The LND won 83% of the vote and 396 of the 476 seats in Myanmar’s parliament. However, the military claim that there was fraud in the elections and that for this reason they took control of the country. The regime says power will be transferred after “free and fair elections are held,” but the promise is met with skepticism.
The coup has been severely criticized by the international community. Political leaders of different nationalities have called for the restoration of the democratically elected government and the release of all civilian prisoners. We are a family business.
On Thursday (4), United States President Joe Biden again called on Myanmar’s military to relinquish power and violence, citing the possible consequences if the situation in the country is not resolved quickly.
“There is no doubt that, in a democracy, force should never seek to override the will of the people or try to erase the result of a credible election,” said the American leader. “The Burmese military must relinquish the power it has seized and release detained defenders, activists and officials, lift restrictions on telecommunications and avoid violence.”
The US government determined on Tuesday (2) that it viewed Myanmar’s seizure of power as a coup, which in practice involves restrictions on the aid the United States provides to the country. National Security Advisor Jake Sullivan said sanctions targeting individuals and entities controlled by the military are also being considered.
The Brazilian Foreign Ministry, meanwhile, does not mention a military coup and does not address political prisoners in a note published on the subject.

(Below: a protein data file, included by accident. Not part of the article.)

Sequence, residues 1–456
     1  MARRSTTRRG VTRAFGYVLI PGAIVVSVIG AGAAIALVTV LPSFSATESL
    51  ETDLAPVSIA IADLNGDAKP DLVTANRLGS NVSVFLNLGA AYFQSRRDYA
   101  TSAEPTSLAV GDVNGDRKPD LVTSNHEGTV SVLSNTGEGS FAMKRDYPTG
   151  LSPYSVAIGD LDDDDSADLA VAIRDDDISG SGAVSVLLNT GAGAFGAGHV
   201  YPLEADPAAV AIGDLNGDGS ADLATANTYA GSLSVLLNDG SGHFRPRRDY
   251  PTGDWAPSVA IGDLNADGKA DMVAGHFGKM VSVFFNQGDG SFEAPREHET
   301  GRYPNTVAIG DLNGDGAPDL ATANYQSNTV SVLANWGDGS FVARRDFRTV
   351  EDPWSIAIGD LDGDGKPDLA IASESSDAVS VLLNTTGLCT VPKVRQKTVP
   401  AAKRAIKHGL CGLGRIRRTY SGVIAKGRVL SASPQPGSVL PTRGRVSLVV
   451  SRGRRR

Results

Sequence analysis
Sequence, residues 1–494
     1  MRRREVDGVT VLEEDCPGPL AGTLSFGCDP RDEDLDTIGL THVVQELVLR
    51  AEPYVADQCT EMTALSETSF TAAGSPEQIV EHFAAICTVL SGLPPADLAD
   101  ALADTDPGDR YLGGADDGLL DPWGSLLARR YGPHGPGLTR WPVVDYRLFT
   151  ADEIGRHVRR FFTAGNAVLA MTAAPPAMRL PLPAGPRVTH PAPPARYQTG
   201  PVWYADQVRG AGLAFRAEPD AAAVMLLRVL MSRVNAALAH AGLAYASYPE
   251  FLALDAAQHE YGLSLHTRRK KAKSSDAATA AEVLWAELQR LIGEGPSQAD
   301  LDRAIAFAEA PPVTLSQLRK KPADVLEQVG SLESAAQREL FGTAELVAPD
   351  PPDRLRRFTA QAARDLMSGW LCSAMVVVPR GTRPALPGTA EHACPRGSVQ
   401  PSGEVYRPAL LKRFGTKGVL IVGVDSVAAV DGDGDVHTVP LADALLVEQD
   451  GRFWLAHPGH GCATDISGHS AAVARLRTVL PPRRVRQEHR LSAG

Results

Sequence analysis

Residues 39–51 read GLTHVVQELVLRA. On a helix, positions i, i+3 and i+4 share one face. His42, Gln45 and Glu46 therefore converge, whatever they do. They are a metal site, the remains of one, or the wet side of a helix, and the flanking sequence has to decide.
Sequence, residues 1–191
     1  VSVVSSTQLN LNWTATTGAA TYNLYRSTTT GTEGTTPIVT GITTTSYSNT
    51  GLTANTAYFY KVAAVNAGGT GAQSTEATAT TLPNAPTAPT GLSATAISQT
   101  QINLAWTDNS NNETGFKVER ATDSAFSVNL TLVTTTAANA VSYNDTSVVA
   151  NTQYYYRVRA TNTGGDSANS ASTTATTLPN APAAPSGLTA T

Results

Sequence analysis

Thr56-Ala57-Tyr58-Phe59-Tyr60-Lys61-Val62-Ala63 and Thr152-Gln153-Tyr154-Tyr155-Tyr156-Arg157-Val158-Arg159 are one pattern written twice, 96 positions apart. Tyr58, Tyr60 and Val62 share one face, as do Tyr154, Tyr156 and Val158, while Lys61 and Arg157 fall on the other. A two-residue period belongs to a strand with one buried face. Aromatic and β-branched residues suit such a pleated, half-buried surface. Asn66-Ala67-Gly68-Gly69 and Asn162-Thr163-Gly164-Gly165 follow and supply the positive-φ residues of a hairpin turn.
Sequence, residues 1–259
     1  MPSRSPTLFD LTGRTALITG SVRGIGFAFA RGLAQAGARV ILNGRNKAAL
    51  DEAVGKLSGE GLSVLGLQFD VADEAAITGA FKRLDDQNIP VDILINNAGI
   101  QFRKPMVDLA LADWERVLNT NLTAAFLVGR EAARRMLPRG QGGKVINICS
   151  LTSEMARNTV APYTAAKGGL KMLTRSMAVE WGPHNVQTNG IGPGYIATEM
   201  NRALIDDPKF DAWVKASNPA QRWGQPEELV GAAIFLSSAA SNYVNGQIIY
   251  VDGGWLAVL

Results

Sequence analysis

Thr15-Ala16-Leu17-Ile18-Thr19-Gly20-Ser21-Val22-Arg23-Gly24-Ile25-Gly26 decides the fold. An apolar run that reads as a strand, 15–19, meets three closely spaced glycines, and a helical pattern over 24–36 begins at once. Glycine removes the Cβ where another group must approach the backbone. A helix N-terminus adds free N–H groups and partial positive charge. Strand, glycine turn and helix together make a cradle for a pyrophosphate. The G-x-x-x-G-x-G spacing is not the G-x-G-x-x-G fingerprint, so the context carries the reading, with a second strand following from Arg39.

The UN Security Council also called Thursday for the release of the detainees. In a declaration signed by the 15 countries that make up the summit, they stressed the “need to defend democratic institutions and processes, to refrain from all violence and to fully respect human rights, fundamental freedoms and Right wing state”.
They are permanent summit members of the United States, Russia, France, United Kingdom and China. The text was looser than the UK’s original draft and made no mention of a coup – apparently to gain the support of China and Russia, which traditionally protect Myanmar, for more action. incisor of the Council.
Chronology of Myanmar’s political history
1948: Former British colony, Myanmar becomes an independent country 1962: General Ne Win abolishes the Constitution of 1947 and establishes a military regime 1974: Beginning of the first post-independence constitution 1988: The violent repression of demonstrations against the military regime generates international critics 1990: National League for Democracy (LND), in opposition to the regime, wins the first multiparty election in 30 years and is prevented from coming to power 1991: Aung San Suu Kyi, of the LND, wins the Nobel Prize in peace 1997: US and EU impose sanctions on Myanmar for human rights violations and disrespect for 2008 election results: Assembly approves new Constitution 2011: Thein Sein, retired general, is elected president and the military regime is dissolved 2015: The LND obtains the majority in both houses of Parliament 2016: Htin Kyaw is elected the first civilian president since 1962 coup and Suu Kyi assumes the post of State Councilor, equivalent to that of Prime Minister 2018: Kyaw resigns and Win Myi nt assumes the 2020 presidency: in the legislative elections, the LND receives 83% of the vote and defeats pro-military party 2021: army alleges election fraud, arrests LND leaders, seizes power with new coup